I recently begin learning Python web frameworks (I'm not a big fan of Ruby's execution speed) and did a bit of googling on them. Of the three most popular ones, namely Django, Turbogears, and Pylons, Django is by far the most popular of the three. According to both the wealth of information and google trends, Django is magnitudes more popular than the other two (yes, I know google trends doesn't filter out non web framework related results, but I believe it's still helpful). And it is easy to see why. Django has the best documentation, debugging information, and 3rd party help guides to help you get started. It's even got a second book coming out later this year and it's online now in form of a beta release.
After trying it out for a few days, I recommend Django for those who are new to web development. This is a recommendation only for newbies since I'm new to this myself. If you've been working with Django for a while, you may find it a bit "closed" according to many people. In fact, it is because of Django's reputation's of being a closed and non-flexible environment that I started learning Pylons first. (I did not look at Turbogears as much as all the information point out that the idea behind these two frameworks are very similar -- utilize the best of the other web framework components out there. Turbogears is said to be more mature and better documentation Pylons, but is in a flux of a major 2.0 change. Maybe I'll give it a try if Django doesn't work out.) Pylons seems to have only a tutorial, a cookbook, and a 3rd party Quick Site Guide. And that's it! There's not much more out there. So after spending three days on it, finding myself getting stuck more often than I like, and see no where I can go to expand my learning experience, I went over to Django and am glad I did!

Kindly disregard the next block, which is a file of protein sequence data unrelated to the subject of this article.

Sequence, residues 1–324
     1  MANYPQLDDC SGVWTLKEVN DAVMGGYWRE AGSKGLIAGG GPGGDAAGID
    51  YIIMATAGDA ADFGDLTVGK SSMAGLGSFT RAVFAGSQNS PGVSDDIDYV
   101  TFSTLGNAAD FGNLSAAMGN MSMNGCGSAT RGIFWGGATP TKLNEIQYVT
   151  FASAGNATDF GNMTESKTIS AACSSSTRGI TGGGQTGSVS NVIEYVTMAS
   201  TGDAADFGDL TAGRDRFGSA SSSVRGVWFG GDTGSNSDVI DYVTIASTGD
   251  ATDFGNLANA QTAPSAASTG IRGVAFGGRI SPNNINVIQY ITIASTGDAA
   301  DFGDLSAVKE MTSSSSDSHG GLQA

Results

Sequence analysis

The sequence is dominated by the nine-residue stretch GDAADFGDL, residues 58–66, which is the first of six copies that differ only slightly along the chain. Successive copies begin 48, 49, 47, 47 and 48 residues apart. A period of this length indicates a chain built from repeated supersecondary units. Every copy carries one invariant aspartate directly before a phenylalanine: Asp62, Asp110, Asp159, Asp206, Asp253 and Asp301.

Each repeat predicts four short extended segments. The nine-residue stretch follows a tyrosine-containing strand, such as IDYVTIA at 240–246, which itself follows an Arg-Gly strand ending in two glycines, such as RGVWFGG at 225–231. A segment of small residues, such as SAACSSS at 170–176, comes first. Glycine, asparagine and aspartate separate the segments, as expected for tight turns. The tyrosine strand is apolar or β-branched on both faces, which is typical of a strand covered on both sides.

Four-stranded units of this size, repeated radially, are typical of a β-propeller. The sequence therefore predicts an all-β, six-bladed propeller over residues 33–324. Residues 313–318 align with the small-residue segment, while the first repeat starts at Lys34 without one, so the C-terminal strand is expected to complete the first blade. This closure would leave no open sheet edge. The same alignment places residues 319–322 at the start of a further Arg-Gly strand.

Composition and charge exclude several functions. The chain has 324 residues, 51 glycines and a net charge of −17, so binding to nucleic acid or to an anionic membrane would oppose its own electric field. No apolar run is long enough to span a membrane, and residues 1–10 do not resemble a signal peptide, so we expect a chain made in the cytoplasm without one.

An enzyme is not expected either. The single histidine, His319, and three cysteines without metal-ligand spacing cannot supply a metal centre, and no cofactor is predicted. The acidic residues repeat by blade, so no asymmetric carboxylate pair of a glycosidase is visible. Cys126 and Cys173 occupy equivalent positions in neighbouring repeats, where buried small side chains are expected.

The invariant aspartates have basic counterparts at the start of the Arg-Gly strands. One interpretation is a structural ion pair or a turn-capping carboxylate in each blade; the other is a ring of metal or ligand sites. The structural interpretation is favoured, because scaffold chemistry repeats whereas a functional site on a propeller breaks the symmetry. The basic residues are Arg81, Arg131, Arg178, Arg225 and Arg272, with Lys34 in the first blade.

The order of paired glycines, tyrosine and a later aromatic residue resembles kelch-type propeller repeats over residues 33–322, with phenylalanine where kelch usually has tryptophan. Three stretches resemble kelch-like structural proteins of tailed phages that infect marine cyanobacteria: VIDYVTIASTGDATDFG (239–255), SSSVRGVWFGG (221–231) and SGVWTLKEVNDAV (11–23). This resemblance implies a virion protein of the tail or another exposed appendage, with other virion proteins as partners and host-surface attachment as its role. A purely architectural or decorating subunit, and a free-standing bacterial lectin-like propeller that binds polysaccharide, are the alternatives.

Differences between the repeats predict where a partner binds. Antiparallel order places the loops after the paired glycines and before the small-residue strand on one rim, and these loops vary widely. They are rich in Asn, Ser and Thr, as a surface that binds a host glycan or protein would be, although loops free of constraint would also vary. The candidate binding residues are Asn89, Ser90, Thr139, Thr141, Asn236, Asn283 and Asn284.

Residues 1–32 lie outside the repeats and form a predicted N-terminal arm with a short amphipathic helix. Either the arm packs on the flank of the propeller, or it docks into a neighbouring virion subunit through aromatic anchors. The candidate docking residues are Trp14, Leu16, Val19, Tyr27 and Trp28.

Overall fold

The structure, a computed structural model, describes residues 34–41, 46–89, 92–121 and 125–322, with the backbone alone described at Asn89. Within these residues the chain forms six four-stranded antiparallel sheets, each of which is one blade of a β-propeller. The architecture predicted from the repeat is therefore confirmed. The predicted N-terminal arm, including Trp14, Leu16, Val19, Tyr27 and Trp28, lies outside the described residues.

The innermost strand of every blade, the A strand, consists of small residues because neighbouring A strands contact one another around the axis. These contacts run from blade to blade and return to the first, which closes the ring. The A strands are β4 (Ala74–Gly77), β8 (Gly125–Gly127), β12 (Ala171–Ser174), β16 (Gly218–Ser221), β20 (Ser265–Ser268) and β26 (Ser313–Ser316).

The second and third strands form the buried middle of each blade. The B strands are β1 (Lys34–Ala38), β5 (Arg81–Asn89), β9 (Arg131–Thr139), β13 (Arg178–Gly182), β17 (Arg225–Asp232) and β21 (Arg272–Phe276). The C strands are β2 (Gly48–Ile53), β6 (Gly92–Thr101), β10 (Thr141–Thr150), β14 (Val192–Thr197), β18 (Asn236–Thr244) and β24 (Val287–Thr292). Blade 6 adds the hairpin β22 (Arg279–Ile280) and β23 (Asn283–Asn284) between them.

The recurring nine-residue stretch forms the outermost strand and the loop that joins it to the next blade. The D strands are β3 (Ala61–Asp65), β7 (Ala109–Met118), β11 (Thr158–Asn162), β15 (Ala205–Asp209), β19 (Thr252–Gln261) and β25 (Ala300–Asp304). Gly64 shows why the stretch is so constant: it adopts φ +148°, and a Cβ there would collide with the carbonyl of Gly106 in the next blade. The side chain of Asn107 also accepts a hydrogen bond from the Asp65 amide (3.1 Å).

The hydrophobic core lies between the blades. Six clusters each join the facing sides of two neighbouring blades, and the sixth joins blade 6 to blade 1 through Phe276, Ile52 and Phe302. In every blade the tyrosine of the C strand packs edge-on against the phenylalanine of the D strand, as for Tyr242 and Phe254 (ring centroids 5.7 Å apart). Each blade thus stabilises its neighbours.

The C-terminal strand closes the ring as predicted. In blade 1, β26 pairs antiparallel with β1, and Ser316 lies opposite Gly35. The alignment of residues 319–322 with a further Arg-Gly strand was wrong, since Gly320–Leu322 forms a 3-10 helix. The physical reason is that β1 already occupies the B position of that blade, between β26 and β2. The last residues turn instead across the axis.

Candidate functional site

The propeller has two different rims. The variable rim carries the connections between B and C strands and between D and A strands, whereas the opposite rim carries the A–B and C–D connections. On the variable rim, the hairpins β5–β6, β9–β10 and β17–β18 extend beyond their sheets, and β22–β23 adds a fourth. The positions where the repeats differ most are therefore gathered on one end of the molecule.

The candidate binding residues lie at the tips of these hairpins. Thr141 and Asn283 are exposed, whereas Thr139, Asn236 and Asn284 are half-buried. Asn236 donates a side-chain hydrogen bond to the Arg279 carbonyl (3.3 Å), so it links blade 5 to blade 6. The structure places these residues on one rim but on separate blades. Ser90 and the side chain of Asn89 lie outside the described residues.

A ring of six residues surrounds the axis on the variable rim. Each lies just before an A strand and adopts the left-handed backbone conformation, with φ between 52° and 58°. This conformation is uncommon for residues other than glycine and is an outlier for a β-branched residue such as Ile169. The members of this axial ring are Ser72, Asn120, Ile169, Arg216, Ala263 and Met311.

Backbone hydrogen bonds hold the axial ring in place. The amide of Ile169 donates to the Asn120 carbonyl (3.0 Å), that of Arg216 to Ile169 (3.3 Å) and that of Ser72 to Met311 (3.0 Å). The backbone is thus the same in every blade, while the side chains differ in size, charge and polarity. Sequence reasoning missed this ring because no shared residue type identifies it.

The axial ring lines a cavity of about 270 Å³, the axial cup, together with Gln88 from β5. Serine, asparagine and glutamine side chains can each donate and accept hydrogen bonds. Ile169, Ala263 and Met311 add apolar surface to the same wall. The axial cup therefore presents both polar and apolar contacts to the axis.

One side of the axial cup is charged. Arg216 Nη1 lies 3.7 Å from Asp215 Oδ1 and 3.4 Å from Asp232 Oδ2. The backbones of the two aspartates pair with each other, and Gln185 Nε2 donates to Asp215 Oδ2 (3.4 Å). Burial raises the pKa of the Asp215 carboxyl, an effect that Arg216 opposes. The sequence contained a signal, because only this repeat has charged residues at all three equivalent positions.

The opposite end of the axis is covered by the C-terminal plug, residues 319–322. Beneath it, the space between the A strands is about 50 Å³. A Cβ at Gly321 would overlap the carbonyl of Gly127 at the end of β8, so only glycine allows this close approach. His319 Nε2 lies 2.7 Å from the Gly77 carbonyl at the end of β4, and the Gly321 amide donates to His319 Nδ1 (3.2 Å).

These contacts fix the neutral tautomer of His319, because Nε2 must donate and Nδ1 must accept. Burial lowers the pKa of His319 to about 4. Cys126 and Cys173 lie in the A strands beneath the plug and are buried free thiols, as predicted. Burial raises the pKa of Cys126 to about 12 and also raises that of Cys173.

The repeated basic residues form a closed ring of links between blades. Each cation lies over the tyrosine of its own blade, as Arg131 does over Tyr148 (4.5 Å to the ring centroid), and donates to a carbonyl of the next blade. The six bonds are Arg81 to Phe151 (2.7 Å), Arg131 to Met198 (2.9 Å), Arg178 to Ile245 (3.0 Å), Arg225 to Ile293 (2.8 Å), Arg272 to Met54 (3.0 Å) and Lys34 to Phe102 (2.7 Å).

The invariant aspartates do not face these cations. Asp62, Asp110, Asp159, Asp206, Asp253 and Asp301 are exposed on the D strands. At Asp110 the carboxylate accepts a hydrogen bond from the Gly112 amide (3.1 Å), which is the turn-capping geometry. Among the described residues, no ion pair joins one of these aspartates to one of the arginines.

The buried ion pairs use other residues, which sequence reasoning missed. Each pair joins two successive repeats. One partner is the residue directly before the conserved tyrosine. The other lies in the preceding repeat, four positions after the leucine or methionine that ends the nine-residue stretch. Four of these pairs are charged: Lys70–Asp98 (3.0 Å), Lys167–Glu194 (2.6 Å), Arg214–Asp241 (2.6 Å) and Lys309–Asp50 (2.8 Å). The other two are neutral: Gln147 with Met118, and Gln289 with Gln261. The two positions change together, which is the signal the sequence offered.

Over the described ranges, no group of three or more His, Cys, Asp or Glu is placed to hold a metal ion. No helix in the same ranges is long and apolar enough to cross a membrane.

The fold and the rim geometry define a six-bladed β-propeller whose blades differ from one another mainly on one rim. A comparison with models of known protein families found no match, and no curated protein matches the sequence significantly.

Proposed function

References on my decision making:
Python web development and frameworks in 2007
Django and NIH
Python Web frameworks, Part 2 (scroll down to Conclusion)
TurboGears and Pylons (a technical comparison)
(There's many others, but as the title says, this is suppose to be a time saver for you, so I leave out the not too important ones)
web.py - "the anti-framework framework"Reddit uses it.